NNPC to slash fuel imports by 20 %

Dec 20, 2004 01:00 AM

Nigerian National Petroleum Corporation (NNPC) said it would slash by 20 %, the number of cargoes of fuel to be imported for first quarter of 2005, following the streaming of all its four refineries.
The Nigeria Labour Congress (NLC) has, however, directed the 36 state chapters of the Congress and Abuja to begin mass picketing of fuel stations that failed to observe the new price regime approved by the Federal Government in November in the wake of planned nationwide strike by Labour and the civil society.

NNPC will be awarding contracts for the importation of about 49 cargoes of premium motor spirit (PMS) popularly known as petrol, for the first quarter (January-March) 2005, compared to 62 cargoes ordered for the fourth quarter this year. The cut in the orders, which may further pitch the corporation against the army of product importers already lining up for the contracts, according to NNPC officials, followed the increase in local production of the fuel.
Available statistics showed that the Port Harcourt refineries were running at 60 % of installed capacity of 150,000 bpd compared to the average 50 % achieved in the last six months, while the Kaduna refinery had raised its operating capacity to 35 % of the installed 110,000 bpd.

NNPC Group Managing Director, Engr. Funsho Kupolokun, said that the 125,000 bpd Warri refinery has also resumed production when crude supply began on November 25, 2004.
"With the four refineries running, the impact is that we are going to reduce the imports for first quarter 2005. We have planned to reduce by as much as one-third," said Kupolokun. "With the reduction in import next quarter, if we still maintain operations at the refineries as we have come on stream, we will definitely replace the imports which we are making," he added.

The NNPC is aiming to reduce imports due to the strain on its finances. According to Kupolokun, the corporation was losing about N 350 mm per day to subsidise imported fuel as at August 2004. He, however, said the corporation would still engage in imports because the total output from the local refineries would not meet total national demand.
"The nation's current premium motor spirit requirement of about 30 mm litres a day cannot be met by the local refineries as they can only produce about 17 mm litres per day even at the best of times, thus leaving a short fall of about 13 mm litres per day for importation," he said. Kupolokun emphasised the need to sustain deregulation in order to bring in more players in the fuel supply and distribution business. Meanwhile, the NLC said reports reaching it indicated that marketers have failed to implement the new product prices agreed with the Federal Government to avert the planned strike.

In the deal brokered by the Senator Ibrahim Mantu-led Palliative Committee, government had directed a reduction in petrol price to N 49 per litre from N 53, kerosene and diesel to N 52 a litre from N 63. The NLC has therefore directed the 36 state chapters of the movement and Abuja to begin mass picketing of fuel stations that failed to observe the new price regime.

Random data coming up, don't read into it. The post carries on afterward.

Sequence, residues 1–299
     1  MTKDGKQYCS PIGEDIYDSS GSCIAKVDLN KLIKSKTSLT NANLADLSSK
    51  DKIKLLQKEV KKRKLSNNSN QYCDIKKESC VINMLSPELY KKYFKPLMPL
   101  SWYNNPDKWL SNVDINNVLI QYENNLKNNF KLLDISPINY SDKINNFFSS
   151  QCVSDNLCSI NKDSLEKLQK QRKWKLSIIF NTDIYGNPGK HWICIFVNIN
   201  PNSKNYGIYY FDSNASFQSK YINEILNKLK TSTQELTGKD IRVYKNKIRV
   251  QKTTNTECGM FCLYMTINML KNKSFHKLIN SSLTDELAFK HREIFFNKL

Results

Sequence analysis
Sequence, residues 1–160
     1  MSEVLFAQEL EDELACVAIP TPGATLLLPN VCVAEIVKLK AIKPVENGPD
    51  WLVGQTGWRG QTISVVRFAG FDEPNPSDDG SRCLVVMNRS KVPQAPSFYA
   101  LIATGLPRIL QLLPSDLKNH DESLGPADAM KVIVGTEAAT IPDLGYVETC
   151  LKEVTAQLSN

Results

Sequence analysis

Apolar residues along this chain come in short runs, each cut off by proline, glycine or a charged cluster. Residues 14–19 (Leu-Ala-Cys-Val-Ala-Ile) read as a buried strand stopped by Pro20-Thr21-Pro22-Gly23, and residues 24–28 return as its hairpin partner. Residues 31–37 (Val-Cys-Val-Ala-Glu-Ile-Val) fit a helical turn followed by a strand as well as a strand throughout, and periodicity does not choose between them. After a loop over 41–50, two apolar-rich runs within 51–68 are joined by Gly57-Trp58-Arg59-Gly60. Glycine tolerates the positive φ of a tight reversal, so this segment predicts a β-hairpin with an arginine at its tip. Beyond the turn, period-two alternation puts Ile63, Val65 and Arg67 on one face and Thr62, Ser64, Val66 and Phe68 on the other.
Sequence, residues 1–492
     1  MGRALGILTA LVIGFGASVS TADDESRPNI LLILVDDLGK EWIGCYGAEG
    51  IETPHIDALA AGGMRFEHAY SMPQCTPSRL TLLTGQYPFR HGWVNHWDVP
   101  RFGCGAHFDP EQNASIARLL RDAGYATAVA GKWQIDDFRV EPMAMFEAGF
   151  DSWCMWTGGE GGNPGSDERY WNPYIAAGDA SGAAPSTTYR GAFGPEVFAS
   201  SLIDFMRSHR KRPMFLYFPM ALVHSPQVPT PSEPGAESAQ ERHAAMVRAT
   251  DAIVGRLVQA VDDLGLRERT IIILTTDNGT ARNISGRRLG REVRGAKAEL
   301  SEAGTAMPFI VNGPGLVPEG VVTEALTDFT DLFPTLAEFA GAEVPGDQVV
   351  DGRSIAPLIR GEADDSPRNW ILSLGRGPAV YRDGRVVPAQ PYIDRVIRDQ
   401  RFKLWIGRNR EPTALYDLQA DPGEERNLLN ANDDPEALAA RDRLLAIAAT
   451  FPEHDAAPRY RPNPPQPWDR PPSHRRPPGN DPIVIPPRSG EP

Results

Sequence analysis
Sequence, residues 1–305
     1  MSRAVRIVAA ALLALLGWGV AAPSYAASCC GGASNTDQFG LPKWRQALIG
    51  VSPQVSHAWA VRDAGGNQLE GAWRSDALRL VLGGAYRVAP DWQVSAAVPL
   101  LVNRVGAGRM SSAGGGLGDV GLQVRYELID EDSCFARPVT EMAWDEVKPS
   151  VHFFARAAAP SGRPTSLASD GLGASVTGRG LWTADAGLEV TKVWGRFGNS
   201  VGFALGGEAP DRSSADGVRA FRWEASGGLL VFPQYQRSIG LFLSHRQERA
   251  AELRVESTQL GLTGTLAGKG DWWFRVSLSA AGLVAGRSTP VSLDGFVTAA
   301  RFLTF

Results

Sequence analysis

The directive to the states followed the expiration of the seven-day ultimatum issued by Labour to Federal Government to enforce the new price of N 49 or face the wrath of workers. The palliative committee only recently expressed reservation over the non-compliance by the marketers. It, however, noted that it was beyond its power to enforce the agreed price.

In a letter addressed to the chairmen of the 36 state chapters and Abuja, entitled "Enforcing the Official Prices of Petroleum Products," NLC said that reports from various parts of the country clearly show that marketers have failed to implement the new prices.
"The reality we face in the country today is that the federal government has left the citizens at the mercy of marketers who are playing their traditional role of shylocks. This is an intolerable and unacceptable situation. You are therefore by this letter directed to set in motion machinery for enforcingofficial prices in your states if by December 15, petroleum prices are not sold at their official prices," NLC said in the letter signed on behalf of the General Secretary by Benson Upah.

The NLC advised the state chapters to work with the 29 affiliate unions of the congress and the civil societies in enforcing the order, noting that all the past struggles of Labour and its allies would be in vain if the products were not sold at the official rate. Particularly, NLC described as unhealthy the " unholy alliance between the Petroleum Products Pricing and Regulatory Agency (PPPRA) and fuel marketers not just to sidetrack the official prices but also to nakedly exploit the Nigerian people"
Labour said that the situation has been made worse by official complacency which has resulted in the official creation of artificial scarcity of the products in various parts of the country, especially in Abuja. NLC said that its resolve to picket the fuel stations is because the Obasanjo administration had abandoned Nigerians and vacated its duty and responsibility to the populace. It noted that Nigerians have no other option than to defend their collective interests.

NLC urged government to wake up to its responsibility by ensuring that official prices are enforced in various parts of the country. Labour had issued a seven-day ultimatum which expired.
In the letter addressed to the Secretary to the Government of the Federation, NLC declared it would not tolerate the current situation, affirming that it would mobilise the workers and its allies to resist the non-implementation. The workers movement stated that even at N 49, fuel price is still the highest among OPEC member countries.

Source: LiquidAfrica
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